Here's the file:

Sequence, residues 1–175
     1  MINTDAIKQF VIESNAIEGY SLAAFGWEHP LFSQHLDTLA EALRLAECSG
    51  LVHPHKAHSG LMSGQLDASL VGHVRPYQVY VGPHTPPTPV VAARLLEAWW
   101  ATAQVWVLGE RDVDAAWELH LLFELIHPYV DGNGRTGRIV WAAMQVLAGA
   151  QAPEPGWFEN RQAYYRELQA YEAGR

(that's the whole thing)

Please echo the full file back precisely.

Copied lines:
Sequence, residues 1–175
     1  MINTDAIKQF VIESNAIEGY SLAAFGWEHP LFSQHLDTLA EALRLAECSG
    51  LVHPHKAHSG LMSGQLDASL VGHVRPYQVY VGPHTPPTPV VAARLLEAWW
   101  ATAQVWVLGE RDVDAAWELH LLFELIHPYV DGNGRTGRIV WAAMQVLAGA
   151  QAPEPGWFEN RQAYYRELQA YEAGR